Lies My Girlfriend Told Me - Julie Anne Peters

Swanee is dead. She suffered a sudden heart attack while practicing for track and field. Left behind is her girlfriend Alix, who is devastated and lives in denial for a brief period of time before things start to unravel. When she goes to Swan's house to offer condolences, Alix finds Swan's phone and notices a series of texts from someone with the initials LT. And LT seems to think that she was Swan's girlfriend. Alix manages to piece things together and finds out that LT is actually a girl named Liana who really was dating Swan. In a moment of irrationality, Alix texts the girl as if she is Swan, but it's already two weeks since Swan has died, and Liana still has no idea. Soon Alix's conscience kicks in and she confronts Liana in person to try to straighten things out. As the two girls try to overcome feelings of anger, frustration, and betrayal, they also start to see in each other some of the qualities they never found in Swan, and thus, the relationship begins to blossom.

The great part of this book, right from the start, is that it's not a lesbian problem novel. The girls are comfortable being gay from the start, and while there is some remembrance of coming out moments in the past, the novel does not focus on coming out, gay-bashing, or anything specifically gay. Almost all of the relationship trouble and angst are treated as things that ALL teens go through, regardless of sexual orientation or gender identity.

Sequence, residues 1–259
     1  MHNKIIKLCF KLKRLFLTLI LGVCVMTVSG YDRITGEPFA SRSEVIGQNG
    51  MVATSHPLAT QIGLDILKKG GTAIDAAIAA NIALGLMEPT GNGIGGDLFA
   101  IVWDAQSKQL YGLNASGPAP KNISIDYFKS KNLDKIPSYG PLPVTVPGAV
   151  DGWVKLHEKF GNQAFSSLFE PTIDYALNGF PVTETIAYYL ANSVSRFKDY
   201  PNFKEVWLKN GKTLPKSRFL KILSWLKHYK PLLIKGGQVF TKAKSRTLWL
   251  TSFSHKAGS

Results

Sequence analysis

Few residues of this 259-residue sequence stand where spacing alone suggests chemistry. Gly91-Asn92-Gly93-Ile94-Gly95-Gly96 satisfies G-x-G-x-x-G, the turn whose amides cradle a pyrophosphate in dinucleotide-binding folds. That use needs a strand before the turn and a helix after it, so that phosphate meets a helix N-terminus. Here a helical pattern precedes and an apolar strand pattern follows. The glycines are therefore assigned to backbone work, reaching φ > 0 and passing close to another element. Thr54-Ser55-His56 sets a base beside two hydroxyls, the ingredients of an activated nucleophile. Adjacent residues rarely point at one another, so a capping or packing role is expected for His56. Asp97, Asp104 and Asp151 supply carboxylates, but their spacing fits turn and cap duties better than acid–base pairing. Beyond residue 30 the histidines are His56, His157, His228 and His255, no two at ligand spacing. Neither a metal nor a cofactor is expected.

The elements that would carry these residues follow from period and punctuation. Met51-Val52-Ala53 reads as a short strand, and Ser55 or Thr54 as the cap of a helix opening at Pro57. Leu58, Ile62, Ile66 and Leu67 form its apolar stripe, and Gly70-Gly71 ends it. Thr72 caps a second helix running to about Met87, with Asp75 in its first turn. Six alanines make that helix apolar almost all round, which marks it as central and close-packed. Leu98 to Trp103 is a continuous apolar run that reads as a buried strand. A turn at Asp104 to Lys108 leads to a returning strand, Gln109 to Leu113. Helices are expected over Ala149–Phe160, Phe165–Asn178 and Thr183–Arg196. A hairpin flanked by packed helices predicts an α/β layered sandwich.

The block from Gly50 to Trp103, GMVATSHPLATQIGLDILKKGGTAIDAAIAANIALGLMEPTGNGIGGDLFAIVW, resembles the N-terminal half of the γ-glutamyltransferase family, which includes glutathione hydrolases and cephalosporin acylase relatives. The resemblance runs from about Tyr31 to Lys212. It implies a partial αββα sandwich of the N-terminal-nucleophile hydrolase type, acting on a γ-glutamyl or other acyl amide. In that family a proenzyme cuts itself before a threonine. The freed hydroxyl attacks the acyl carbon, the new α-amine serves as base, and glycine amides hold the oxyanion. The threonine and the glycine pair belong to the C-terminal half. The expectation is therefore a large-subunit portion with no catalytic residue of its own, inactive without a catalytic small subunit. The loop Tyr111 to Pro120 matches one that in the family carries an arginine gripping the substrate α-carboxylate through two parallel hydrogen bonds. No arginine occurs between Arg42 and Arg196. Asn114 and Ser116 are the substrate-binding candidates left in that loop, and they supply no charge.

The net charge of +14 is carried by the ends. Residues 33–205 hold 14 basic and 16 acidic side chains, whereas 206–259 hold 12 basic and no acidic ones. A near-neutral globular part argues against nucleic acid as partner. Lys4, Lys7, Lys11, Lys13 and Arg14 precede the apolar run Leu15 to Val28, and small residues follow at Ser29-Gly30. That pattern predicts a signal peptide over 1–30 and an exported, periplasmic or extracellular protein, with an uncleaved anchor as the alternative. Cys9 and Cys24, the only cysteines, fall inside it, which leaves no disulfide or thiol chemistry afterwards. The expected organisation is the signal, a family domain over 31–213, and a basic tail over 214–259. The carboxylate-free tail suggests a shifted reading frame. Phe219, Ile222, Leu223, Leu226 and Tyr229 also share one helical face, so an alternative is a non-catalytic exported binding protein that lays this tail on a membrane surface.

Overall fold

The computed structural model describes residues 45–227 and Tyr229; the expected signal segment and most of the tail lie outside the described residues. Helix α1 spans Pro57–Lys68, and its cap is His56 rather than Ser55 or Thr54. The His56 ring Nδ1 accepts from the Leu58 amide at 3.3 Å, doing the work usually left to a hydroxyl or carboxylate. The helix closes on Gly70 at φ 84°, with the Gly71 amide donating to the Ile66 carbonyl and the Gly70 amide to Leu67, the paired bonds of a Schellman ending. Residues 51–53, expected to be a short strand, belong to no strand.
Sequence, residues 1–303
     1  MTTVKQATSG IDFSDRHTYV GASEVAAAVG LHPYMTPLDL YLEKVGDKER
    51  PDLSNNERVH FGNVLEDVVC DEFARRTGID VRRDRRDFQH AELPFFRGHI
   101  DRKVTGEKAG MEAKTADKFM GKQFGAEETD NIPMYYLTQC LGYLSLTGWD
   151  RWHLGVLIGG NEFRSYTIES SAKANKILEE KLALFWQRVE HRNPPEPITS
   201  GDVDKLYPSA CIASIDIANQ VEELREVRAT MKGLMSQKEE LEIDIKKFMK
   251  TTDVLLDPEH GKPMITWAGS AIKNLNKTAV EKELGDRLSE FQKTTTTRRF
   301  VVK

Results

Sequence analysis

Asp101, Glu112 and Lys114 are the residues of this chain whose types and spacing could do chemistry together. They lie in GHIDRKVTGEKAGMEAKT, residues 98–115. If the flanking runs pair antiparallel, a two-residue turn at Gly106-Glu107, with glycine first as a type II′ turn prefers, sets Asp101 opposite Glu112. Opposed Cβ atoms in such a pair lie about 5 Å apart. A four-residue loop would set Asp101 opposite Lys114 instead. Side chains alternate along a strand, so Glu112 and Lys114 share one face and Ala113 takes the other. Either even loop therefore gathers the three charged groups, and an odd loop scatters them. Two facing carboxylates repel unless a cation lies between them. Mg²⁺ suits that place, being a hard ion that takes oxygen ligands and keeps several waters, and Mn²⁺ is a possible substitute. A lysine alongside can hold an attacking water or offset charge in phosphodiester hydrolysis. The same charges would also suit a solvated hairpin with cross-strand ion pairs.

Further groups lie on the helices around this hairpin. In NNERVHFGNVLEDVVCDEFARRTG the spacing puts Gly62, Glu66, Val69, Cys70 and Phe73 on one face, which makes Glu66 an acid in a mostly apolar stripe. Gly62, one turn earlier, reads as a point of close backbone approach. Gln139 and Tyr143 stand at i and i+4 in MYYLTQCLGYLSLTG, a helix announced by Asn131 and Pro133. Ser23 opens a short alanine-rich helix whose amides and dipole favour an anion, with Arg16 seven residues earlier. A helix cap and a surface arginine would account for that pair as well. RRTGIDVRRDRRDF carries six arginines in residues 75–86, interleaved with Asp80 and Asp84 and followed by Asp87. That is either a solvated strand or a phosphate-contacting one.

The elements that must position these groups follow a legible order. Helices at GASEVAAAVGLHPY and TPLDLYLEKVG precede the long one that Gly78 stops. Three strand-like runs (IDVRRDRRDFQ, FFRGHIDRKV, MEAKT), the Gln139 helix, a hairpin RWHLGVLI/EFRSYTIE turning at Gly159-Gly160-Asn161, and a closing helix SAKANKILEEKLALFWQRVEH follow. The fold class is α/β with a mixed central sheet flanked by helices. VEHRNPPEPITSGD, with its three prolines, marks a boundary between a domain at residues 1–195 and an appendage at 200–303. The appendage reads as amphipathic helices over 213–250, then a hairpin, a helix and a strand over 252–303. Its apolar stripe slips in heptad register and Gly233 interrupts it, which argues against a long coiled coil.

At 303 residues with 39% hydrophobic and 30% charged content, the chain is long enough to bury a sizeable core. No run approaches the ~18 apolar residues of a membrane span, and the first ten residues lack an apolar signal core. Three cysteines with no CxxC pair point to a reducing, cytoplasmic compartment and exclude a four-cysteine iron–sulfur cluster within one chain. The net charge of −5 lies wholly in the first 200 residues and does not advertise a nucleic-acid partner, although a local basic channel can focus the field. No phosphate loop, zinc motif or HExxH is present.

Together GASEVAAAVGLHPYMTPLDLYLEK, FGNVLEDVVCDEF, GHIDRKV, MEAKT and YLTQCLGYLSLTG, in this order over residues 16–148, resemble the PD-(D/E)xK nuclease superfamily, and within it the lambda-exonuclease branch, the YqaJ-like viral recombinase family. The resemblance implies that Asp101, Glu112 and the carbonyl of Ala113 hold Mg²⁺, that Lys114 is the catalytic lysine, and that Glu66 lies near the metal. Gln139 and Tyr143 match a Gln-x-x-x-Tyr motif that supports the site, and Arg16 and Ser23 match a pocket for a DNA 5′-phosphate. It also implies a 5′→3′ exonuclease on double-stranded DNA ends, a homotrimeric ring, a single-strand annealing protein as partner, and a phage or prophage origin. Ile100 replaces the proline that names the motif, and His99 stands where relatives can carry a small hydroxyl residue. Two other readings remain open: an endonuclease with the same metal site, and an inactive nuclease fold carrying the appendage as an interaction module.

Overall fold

Peters' writing is, as always, solid and compelling. Her style is precise, which is great in a book where there is so much going on. You wouldn't want the plot taken over with long meandering descriptions of setting or objects or people (not that these sorts of descriptions are ignored, but are rather just much more succinct.) This style makes the novel feel more urgent within it's 250 page format.

While I feel that Alix and Liana are incredibly well-rounded and fully-realized characters within the book, I did find myself wishing for more from two secondary characters, namely Joss (Swan's sister), and the memories of Swan herself. Joss felt a bit flat to me, switching constantly between extreme anger about Swan's death, and moments of realization at her irrationality, but she never seems to learn from those moments and doesn't ever seem to grow beyond her own self-absorbed melodrama. Swan, as well, seems to only be a catalyst and even as others call upon memories of her, there seems to be very little in terms of redeeming qualities. She feels like a stereotypical villain, though at least there is a bit of discussion about how her parents were partly responsible for that.

In any case, Lies My Girlfriend Told Me is a solid work of contemporary realistic fiction that works on a number of levels to explore the aftermath of the death of a loved one, and the consequences of living a life of lies. Kudos to Julie Anne Peters on another cogent and authentic story in an impressive body of work.



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